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Climate Change and Fast Fashion—It’s Time to Connect the Dots

In our previous two posts, we looked at some issues related to fast fashion. In this post, we will focus on an issue that cannot be denied or overlooked, namely, climate change. If you look honestly at the climate change issue, you also need to consider energy, primarily fossil fuels and nuclear, and pollution.

Climate change is very real and is already happening—in fact, it has been scientifically observed and documented for many decades. It has also been denied by the money, corporate, and government interests that want to keep the status quo; these interests are the ones profiting enormously from the exploitation of people and our planet.

Climate change is now at a point where so many factors are accelerating the problem, such as “black ice” at the poles (particulates being released from burning fossil fuels, especially coal and heavy fuel oil in container ships), methane (being released from melting permafrost, old pipelines, oil refining, fracking, and factory farms), countries violating the Montreal Protocol, among others.

Fast fashion is very polluting and is very energy intensive. The chemicals used in manufacture, from dyes to other textile chemicals, are all made from fossil fuels. The vast majority of textiles and threads are also made from fossil fuels; and those that are not require vast amounts of agri-chemicals in the field to grow  fibre crops, such as, cotton. Even with organic cotton, there is a carbon footprint because most, if not all, farming practices require machinery that use fossil fuels. And those same fuels are used to transport raw materials, such as the fibre crop, to an actual mill to produce the fabric. The fabric mills themselves operate using fossil fuels. In the case of fast fashion, every step of the process requires enormous quantities of fossil fuels and huge volumes of water.

And when you trash your fast fashion purchases, more fossil fuels are involved because the clothes are hauled to landfills, and other countries. This type of life cycle for a product is complete madness and makes absolutely no sense. The only thing that fast fashion achieves is easy and tremendous profits for the corporations involved, from marketing companies to fossil fuel companies.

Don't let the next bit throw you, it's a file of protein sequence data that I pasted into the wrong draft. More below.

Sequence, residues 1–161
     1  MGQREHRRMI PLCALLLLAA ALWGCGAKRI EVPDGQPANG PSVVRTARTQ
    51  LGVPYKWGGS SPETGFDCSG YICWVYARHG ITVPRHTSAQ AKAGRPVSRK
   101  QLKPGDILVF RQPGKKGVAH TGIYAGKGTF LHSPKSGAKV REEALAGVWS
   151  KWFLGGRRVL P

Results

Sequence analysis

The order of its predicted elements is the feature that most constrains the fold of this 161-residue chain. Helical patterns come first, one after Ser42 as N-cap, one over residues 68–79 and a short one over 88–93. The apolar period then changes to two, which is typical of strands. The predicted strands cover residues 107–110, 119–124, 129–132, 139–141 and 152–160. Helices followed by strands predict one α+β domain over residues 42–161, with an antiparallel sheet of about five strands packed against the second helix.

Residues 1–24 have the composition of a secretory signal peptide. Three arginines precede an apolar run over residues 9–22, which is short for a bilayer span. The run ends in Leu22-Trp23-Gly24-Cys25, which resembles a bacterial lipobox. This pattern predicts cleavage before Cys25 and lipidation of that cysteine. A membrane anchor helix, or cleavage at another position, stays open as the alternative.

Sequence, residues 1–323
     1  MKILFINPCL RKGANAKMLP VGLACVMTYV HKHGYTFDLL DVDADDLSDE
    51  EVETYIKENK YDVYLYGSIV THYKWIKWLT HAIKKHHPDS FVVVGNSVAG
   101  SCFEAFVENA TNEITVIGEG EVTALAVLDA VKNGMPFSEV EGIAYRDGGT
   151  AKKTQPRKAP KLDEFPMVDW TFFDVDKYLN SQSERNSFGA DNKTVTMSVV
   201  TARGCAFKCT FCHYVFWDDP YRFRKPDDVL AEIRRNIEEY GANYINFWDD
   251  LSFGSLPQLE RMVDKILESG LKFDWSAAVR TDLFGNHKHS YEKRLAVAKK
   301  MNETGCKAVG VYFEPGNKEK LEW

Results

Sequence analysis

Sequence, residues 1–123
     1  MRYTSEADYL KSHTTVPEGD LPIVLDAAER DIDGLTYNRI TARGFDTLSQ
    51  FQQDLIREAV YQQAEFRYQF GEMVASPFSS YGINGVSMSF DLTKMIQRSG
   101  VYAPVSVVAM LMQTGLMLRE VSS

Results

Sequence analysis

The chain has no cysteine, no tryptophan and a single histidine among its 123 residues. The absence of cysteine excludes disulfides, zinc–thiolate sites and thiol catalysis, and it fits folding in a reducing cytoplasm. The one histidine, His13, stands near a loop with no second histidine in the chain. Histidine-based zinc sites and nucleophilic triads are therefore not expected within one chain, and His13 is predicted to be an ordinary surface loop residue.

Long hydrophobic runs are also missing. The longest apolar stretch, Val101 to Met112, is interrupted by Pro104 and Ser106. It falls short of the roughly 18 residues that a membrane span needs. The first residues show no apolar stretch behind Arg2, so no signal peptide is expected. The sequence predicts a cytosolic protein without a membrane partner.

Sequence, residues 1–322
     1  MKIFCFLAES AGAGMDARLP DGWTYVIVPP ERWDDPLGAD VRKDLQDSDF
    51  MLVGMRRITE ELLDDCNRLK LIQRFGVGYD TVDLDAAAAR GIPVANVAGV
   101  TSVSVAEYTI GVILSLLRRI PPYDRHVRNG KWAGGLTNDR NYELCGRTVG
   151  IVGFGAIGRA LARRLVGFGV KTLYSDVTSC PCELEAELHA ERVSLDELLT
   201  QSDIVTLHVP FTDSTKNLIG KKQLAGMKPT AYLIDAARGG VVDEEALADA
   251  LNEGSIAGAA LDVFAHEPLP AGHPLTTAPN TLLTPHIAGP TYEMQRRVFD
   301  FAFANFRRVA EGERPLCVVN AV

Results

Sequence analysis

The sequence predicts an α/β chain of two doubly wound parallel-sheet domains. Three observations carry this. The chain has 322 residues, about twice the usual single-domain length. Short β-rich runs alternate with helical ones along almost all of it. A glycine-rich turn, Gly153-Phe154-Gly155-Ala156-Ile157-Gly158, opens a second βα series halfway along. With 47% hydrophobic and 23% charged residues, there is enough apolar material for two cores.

Since fast fashion is primarily produced in Asia, particularly China and Bangladesh, throw-away clothes have come at a tremendous priceextremely toxic rivers, cancer-villages, toxic soil, air pollution, and of course climate change. As consumers of apparel, each of us has a moral obligation to seriously examine what we purchase. You may think that the cheap price or slick advertising is a great motivator to get a new outfit, but you are not just deceiving yourself; you are heavily compromising the well-being of others and the planet at large. An honest inventory of personal shopping/buying habits is long overdue. It is imperative to start now, if you haven’t done so already, if we are not going to trash the entire planet and wipe out almost all life.

“Already Got What You Need” from Rhythm of Love album
I went shopping
Man I was hot
You ought to see the junk I bought
I carried it home
to put it away
and it was already there
on the shelf
I say, who, what, where, when
How come I had to buy it again?
Consumer society has got me down
I’m running around
But I don’t have to be a slave to greed
because I already got what I need.
David Wilcox, Canadian songwriter

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